(ii)        The reason why the discussion of the item cannot be delayed until a subsequent meeting.”

 

Section 46A(7A) of the Local Government Official Information and Meetings Act 1987 (as amended) states:

 

“Where an item is not on the agenda for a meeting,-

 

(a)        That item may be discussed at that meeting if-

 

(i)         That item is a minor matter relating to the general business of the local authority; and

 

(ii)        the presiding member explains at the beginning of the meeting, at a time when it is open to the public, that the item will be discussed at the meeting; but

 

(b)        no resolution, decision or recommendation may be made in respect of that item except to refer that item to a subsequent meeting of the local authority for further discussion.”


Howick Local Board

15 November 2021

 

 

Governing Body Member update

File No.: CP2021/00032

 

  

 

Te take mō te pūrongo

Purpose of the report

1.       A period of time (10 minutes) has been set aside for the Howick Ward Councillors to have an opportunity to update the local board on regional matters.

Whakarāpopototanga matua

Executive summary

2.       Providing the Howick Ward Councillors with an opportunity to update the local board on regional matters they have been involved with since the last meeting.

 

Ngā tūtohunga

Recommendation/s

That the Howick Local Board:

a)      receive the verbal reports from Cr Paul Young and Cr Sharon Stewart QSM.

 

 

Ngā tāpirihanga

Attachments

There are no attachments for this report.      

Ngā kaihaina

Signatories

Author

Tracey Freema - Democracy Advisor

Authoriser

Victoria Villaraza - Local Area Manager

 


Howick Local Board

15 November 2021

 

 

Chairperson's Report

File No.: CP2021/00019

 

  

 

Te take mō te pūrongo

Purpose of the report

1.       This item gives the local board chairperson an opportunity to update the local board on any announcements and note the chairperson’s written report.

Whakarāpopototanga matua

Executive summary

2.       Providing the local board chairperson with an opportunity to update the local board on the projects and issues they have been involved with since the last meeting.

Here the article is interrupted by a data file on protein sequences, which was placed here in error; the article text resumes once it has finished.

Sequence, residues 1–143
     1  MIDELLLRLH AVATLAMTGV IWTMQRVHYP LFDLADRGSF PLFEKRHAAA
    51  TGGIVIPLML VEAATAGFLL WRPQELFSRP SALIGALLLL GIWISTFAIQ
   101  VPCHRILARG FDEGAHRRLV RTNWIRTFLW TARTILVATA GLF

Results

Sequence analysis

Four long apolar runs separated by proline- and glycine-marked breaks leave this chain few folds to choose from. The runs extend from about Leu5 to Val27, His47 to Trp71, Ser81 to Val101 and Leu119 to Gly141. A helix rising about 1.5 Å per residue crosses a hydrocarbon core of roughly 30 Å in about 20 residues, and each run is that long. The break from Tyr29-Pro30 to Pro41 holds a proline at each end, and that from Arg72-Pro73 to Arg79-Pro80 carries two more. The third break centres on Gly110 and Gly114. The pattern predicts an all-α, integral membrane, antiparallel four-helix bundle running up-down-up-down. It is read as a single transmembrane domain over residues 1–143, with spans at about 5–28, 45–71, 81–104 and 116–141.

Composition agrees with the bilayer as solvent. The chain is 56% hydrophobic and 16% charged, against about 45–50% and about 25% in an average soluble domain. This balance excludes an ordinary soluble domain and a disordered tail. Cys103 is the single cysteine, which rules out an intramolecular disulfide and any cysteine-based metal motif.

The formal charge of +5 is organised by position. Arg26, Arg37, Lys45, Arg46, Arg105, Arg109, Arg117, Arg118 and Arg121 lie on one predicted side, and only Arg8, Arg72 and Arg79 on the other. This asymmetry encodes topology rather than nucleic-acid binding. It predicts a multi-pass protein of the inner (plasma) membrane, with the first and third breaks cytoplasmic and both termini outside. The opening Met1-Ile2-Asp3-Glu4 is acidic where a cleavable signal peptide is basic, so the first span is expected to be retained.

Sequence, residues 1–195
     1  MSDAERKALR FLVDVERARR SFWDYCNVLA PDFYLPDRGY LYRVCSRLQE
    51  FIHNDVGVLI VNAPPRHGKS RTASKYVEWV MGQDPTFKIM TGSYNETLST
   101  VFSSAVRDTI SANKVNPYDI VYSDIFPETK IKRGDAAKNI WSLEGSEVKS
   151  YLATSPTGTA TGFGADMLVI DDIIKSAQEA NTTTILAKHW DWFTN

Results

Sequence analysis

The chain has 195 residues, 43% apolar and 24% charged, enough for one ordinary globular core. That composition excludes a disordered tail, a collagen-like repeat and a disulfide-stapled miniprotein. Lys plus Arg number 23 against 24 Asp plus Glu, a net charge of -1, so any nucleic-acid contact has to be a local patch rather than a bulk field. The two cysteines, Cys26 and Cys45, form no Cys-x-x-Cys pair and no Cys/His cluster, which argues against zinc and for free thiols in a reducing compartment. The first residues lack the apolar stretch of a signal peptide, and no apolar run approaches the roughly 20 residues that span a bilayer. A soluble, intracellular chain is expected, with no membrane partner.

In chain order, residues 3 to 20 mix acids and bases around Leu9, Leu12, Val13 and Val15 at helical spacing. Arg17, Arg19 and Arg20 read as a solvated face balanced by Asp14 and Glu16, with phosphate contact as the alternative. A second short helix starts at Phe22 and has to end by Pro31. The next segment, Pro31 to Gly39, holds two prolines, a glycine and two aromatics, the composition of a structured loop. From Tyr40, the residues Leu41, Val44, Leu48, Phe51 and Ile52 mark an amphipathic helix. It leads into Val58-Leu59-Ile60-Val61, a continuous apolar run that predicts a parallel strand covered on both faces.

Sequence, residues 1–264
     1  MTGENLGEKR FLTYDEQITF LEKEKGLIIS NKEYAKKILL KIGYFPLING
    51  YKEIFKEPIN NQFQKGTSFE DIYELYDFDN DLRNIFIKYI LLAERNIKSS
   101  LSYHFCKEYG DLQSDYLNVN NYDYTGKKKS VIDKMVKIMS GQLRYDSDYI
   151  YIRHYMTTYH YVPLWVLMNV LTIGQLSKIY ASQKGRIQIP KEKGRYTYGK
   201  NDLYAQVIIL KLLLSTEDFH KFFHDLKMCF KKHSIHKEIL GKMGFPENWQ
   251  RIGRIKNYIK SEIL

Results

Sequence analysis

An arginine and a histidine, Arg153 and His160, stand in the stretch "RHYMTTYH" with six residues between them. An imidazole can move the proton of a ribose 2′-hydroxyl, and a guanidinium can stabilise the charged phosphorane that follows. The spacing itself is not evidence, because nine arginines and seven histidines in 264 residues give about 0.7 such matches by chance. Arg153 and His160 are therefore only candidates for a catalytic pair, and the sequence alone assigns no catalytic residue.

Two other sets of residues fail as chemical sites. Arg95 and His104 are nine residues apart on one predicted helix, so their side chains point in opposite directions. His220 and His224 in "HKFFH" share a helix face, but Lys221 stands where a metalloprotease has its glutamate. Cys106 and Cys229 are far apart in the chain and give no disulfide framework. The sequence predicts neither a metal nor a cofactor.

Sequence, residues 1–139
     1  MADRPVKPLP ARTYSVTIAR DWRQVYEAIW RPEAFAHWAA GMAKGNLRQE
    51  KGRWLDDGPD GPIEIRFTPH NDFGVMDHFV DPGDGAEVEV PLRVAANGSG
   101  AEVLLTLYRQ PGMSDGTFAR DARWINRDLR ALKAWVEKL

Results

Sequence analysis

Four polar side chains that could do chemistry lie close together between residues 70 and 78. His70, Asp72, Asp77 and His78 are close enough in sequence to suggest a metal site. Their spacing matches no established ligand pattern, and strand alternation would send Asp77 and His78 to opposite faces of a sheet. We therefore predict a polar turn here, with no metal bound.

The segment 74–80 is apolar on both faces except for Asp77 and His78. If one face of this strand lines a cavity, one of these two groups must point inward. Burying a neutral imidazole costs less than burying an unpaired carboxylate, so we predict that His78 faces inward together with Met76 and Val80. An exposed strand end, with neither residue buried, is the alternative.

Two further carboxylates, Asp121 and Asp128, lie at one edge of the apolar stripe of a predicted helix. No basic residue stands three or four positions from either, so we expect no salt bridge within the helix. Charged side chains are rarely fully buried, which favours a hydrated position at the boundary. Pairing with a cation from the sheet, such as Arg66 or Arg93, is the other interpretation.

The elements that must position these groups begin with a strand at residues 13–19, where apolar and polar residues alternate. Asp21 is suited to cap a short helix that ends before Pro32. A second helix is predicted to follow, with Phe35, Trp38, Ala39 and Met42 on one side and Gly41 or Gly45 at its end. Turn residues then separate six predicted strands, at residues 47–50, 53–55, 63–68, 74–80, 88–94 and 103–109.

Ngā tūtohunga

Recommendation/s

That the Howick Local Board:

a)      note the chairperson’s verbal update and written report.

 

 

Ngā tāpirihanga

Attachments

No.

Title

Page

a

Chairpersons Report November 2021

13

     

Ngā kaihaina

Signatories

Author

Tracey Freeman - Democracy Advisor

Authoriser

Victoria Villaraza - Local Area Manager

 


Howick Local Board

15 November 2021

 

 

PDF Creator


Howick Local Board

15 November 2021

 

 

Grant of a new commercial licence term and use of the site at 115 Picton Street, Howick

File No.: CP2021/13670

 

  

 

Te take mō te pūrongo

Purpose of the report

1.         To seek Howick Local Board approval to grant a new commercial licence term and retain the existing use as an open-air market operator to Howick Village Association Incorporated over approximately 1356 square metres of the site located at 115 Picton Street, Howick.

Whakarāpopototanga matua

Executive summary

2.         The land at 115 Picton Street, Howick is currently held in fee simple by Auckland Council under the Local Government Act 2002 (hereon referred to as the LGA), the site is not classified as a reserve.

3.         Howick Village Association Incorporated (hereon referred to as the licensee) hold a commercial licence with Auckland Council for use of the land at 115 Picton Street, Howick operating as an open-air market on Saturdays between 8.00am and 3:30pm.

4.         The site is known as the ‘Howick Village Market’ and is considered an iconic commodity to the local area.